Maternal factors and breast cancer risk among young women

Authors

  • Sanderson,

    1. Department of Epidemiology and Biostatistics, University of South Carolina, Columbia, SC, Division of Public Health Sciences, Fred Hutchinson Cancer Research Center, Seattle, Maternal and Child Health Program, and the Department of Epidemiology, University of Washington, Seattle, WA, USA.
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  • Williams,

    1. Division of Public Health Sciences, Fred Hutchinson Cancer Research Center, Seattle, Maternal and Child Health Program, and the Department of Epidemiology, University of Washington, Seattle, WA, USA.
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  • Daling,

    1. Division of Public Health Sciences, Fred Hutchinson Cancer Research Center, Seattle, and the Department of Epidemiology, University of Washington, Seattle, WA, USA.
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  • Holt,

    1. Division of Public Health Sciences, Fred Hutchinson Cancer Research Center, Seattle, and Maternal and Child Health Program, and the Department of Epidemiology, University of Washington, Seattle, WA, USA.
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  • Malone,

    1. Division of Public Health Sciences, Fred Hutchinson Cancer Research Center, Seattle, and the Department of Epidemiology, University of Washington, Seattle, WA, USA.
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  • Self,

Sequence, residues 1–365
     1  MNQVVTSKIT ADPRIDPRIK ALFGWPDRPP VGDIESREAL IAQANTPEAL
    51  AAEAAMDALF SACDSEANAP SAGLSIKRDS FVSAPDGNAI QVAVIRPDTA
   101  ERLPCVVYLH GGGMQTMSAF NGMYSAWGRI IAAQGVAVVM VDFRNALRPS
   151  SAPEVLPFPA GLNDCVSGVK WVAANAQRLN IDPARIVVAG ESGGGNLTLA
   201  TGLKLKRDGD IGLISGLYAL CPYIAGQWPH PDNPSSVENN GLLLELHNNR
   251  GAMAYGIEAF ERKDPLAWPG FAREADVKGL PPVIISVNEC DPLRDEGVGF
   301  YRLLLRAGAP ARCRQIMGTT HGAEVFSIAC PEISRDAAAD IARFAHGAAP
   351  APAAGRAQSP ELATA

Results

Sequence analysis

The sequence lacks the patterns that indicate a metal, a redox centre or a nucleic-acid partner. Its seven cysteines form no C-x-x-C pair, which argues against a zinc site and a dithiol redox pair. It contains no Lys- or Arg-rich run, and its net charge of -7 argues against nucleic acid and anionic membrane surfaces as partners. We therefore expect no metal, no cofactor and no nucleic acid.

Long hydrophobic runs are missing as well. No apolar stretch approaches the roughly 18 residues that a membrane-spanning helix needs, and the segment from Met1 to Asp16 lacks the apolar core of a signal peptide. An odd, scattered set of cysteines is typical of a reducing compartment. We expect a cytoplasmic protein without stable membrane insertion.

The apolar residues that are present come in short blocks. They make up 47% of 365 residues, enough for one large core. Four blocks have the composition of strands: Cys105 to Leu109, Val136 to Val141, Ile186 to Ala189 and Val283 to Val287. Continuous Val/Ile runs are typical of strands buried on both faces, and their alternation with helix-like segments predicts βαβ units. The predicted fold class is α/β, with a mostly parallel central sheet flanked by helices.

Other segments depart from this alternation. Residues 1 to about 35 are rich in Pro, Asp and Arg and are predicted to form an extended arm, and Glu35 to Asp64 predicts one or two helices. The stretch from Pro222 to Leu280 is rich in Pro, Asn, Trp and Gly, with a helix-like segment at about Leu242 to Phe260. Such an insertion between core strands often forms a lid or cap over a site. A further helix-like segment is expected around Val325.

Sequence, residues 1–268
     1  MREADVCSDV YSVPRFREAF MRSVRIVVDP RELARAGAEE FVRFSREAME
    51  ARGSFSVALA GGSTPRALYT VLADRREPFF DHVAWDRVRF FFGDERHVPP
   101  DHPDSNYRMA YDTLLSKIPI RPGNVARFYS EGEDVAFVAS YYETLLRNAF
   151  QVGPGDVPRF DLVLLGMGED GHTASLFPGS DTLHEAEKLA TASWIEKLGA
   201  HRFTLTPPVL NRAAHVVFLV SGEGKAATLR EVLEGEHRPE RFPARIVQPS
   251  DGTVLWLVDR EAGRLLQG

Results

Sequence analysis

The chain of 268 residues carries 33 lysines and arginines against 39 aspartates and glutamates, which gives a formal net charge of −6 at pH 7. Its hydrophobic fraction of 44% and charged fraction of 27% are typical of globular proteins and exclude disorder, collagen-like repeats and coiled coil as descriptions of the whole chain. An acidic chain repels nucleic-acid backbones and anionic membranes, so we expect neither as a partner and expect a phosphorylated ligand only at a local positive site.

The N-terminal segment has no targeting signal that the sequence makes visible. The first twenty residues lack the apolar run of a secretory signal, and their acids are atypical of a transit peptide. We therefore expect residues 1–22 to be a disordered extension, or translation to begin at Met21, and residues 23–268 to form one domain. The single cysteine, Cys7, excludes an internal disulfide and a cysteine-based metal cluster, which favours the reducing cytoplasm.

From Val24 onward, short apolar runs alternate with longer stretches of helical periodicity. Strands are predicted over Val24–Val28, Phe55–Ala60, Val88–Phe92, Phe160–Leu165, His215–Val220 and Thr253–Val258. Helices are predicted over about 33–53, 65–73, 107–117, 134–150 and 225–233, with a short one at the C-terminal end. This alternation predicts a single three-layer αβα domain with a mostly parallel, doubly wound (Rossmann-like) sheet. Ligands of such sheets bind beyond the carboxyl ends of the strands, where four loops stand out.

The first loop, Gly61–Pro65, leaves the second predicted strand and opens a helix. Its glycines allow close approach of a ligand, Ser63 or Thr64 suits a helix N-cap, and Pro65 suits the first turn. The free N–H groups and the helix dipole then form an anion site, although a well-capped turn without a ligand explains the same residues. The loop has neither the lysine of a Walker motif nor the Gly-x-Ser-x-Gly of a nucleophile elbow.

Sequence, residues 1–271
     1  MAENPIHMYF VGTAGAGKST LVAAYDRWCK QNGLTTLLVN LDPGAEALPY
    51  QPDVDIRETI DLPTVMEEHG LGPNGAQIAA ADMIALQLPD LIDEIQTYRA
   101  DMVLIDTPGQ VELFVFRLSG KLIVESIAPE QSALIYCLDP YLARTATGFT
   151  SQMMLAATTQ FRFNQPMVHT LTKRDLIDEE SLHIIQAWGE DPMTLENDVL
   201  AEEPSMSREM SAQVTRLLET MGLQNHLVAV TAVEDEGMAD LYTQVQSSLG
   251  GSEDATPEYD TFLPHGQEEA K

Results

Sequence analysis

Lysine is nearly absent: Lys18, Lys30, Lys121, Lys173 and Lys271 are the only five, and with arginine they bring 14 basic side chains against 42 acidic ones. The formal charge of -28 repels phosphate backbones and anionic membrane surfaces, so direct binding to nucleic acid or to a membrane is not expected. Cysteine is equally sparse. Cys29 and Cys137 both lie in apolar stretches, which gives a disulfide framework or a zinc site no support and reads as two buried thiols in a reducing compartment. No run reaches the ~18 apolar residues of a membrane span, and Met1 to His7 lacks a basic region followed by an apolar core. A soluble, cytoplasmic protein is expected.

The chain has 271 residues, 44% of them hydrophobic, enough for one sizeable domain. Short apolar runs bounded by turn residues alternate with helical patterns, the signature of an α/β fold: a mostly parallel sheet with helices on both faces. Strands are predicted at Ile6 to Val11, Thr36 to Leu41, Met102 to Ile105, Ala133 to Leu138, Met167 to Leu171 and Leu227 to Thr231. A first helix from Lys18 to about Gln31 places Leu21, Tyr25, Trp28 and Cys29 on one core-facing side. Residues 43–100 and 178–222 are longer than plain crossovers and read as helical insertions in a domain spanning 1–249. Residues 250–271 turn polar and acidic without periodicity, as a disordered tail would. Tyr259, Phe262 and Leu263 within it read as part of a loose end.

1. Division of Public Health Sciences, Fred Hutchinson Cancer Research Center, Seattle, and the Department of Biostatistics, University of Washington, Seattle, WA, USA.
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  • Moore

    1. Department of Obstetrics and Gynecology, University of Washington, Seattle, WA, USA.
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Dr. MaureenSanderson Department of Epidemiology and Biostatistics, University of South Carolina, Columbia, SC 29208, USA.

Abstract

The results from previous studies have provided evidence to support the hypothesised association between intrauterine oestrogen exposure and subsequent risk of breast cancer. Information has not been available to study this relationship for several perinatal factors thought to be related to pregnancy oestrogen levels. Data collected from the mothers of women in two population-based case–control studies of breast cancer in women under the age of 45 years (510 case mothers, 436 control mothers) who were diagnosed between 1983 and 1992 in three western Washington counties were used to investigate further the relationship between intrauterine oestrogen exposure and risk of breast cancer. A pregnancy weight gain of 25–34 pounds was associated with breast cancer risk (odds ratio [OR] = 1.5; 95% confidence interval [CI] 1.1, 2.0); however, women whose mothers gained 35 pounds or more were not at increased risk. Use of antiemetic medication in women with any nausea and vomiting (OR = 2.9; 95% CI 1.1, 8.1) and use of diethylstilboestrol (DES) (OR = 2.3; 95% CI 0.8, 6.4) appeared to be positively associated with breast cancer risk. The results from this study provide limited support for the hypothesis that in utero oestrogen exposure may be related to subsequent breast cancer risk among young women.

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